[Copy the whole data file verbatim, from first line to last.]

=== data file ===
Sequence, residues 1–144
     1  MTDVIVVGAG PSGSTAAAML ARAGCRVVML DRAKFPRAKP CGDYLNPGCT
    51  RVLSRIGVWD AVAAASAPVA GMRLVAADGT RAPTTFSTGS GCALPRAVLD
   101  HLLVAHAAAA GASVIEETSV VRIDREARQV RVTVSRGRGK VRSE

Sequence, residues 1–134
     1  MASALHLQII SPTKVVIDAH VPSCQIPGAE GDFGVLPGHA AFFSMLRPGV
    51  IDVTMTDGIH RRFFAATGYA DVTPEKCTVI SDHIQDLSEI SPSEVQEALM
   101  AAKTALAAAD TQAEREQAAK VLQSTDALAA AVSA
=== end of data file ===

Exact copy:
Sequence, residues 1–144
     1  MTDVIVVGAG PSGSTAAAML ARAGCRVVML DRAKFPRAKP CGDYLNPGCT
    51  RVLSRIGVWD AVAAASAPVA GMRLVAADGT RAPTTFSTGS GCALPRAVLD
   101  HLLVAHAAAA GASVIEETSV VRIDREARQV RVTVSRGRGK VRSE

Sequence, residues 1–134
     1  MASALHLQII SPTKVVIDAH VPSCQIPGAE GDFGVLPGHA AFFSMLRPGV
    51  IDVTMTDGIH RRFFAATGYA DVTPEKCTVI SDHIQDLSEI SPSEVQEALM
   101  AAKTALAAAD TQAEREQAAK VLQSTDALAA AVSA